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The influence of ryegrass sowing rates and nitrogen fertiliser on white clover establishment : A dissertation submitted in partial fulfilment of the requirements for the degree of Bachelor of Agricultural Science with Honours at Lincoln University

Bleakley, Leon J
Fields of Research
ANZSRC::0703 Crop and Pasture Production , ANZSRC::079902 Fertilisers and Agrochemicals (incl. Application)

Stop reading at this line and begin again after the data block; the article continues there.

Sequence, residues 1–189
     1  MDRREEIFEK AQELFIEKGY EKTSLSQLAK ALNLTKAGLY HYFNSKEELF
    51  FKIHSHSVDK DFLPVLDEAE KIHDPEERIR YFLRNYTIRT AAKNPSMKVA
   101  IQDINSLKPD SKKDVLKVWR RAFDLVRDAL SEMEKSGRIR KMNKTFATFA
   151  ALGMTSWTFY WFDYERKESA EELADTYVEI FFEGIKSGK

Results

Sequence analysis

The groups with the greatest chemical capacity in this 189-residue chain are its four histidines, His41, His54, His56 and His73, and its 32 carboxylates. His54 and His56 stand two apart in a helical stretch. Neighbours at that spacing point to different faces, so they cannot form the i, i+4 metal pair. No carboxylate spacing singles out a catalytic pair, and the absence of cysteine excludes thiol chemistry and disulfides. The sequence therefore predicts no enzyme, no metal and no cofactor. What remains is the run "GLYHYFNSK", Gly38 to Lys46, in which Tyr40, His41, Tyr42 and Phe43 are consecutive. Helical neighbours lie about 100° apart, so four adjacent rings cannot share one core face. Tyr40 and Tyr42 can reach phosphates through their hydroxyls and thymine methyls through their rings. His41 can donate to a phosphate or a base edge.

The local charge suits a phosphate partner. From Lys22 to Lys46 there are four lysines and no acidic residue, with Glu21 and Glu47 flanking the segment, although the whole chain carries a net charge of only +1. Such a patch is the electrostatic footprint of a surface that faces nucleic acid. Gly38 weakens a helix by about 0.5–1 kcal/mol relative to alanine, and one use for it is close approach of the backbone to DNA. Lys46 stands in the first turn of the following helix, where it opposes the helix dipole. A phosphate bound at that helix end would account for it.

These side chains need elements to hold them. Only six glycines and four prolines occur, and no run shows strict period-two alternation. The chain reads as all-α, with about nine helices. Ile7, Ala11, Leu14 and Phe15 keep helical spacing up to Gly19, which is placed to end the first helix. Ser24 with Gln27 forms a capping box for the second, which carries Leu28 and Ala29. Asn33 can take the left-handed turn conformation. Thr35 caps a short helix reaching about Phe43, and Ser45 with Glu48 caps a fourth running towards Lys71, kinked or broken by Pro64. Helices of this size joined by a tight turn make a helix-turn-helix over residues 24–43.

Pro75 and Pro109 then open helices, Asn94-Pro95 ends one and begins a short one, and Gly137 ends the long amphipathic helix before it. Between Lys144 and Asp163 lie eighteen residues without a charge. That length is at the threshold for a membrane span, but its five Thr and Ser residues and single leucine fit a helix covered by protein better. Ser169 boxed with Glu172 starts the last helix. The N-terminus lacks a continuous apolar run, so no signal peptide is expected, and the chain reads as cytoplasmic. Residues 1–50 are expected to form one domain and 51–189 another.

Perennial ryegrass (Lolium perenne L.) pastures were sown on 19 February at four sowing rates (0, 5, 10, 20 kg/ha) with four rates of nitrogen fertiliser (0, 20, 40, 80 kgN/ha). White clover (Trifolium repens L.) was sown at 3 kg/ha in all plots. Ryegrass and white clover seedling development, herbage production, botanical composition, herbage nitrogen percentage and grazing preference of autumn sown pastures were assessed. There was no advantage in terms of dry matter production from sowing greater than 10 kg/ha. Total dry matter from at 10 kg/ha was 3600 kgDM/ha from 19/02/04 until 09/09/04. In September (203 DAS) there was no difference in ryegrass plant population numbers in the 10 and 20 kg/ha rates and sowing at 5 kg/ha gave the highest clover populations with 127 plants/m² compared with 55/m² at 20 kg/ha. Sowing at 5 kg/ha gave highest white clover content within the sward; 9.8% (24 April, 36 DAS), declining to 1.6% at 20 kg/ha and 5.7% (9 September) declining to 2.7%. There was no difference in weed suppression between 5 and 20 kg/ha sowing rates at all harvest. At 41 DAS white clover shoot and root weights were 25% greater in ryegrass pastures sown at 10 kg/ha or less. By spring shoot and root weights in the 5 and 10 kg/ha pastures were 180% and 380% greater than 20 kg/ha treatments. In September clover plants had an average of 8.5 trifoliate leaves/plant in 5 and 10 kg/ha pastures, compared with 2.6 trifoliate leaves in the 20 kg/ha pastures. Clover seedlings sown in the 0 kg/ha plots averaged 11.4 trifoliate leaves/plant. Pastures sown at 5 kg/ha and 10 kg/ha contained had an overall average nitrogen content of 4.3%, compared with 4.0% for 20 kg/ha pastures. This may have influenced grazing preference. Pastures sown at 10 kg/ha were utilised (>75%) more than 20 kg/ha pastures (<60%). There were larges patches of un-grazed material (up to 20%) and up to 53% of leaf material on offer was left un-grazed in 20 kg/ha pastures. There was no response to nitrogen in this field experiment. There is a need for more work to be done in this area as the vigour of grass seedlings is strongly influenced by soil nitrogen. On sites of low nitrogen fertility clovers are able to thrive relative to grass seedlings due to their ability to fix atmospheric nitrogen. However, on higher nitrogen fertility sites rye grass is more vigorous and lower sowing rates (<10 kg/ha) are necessary to achieve satisfactory clover establishment. Results from this trial show that in autumn sown pastures there is no advantage to sowing rye grass greater than 10 kg/ha and a rate of 5 kg/ha will give improved clover establishment.
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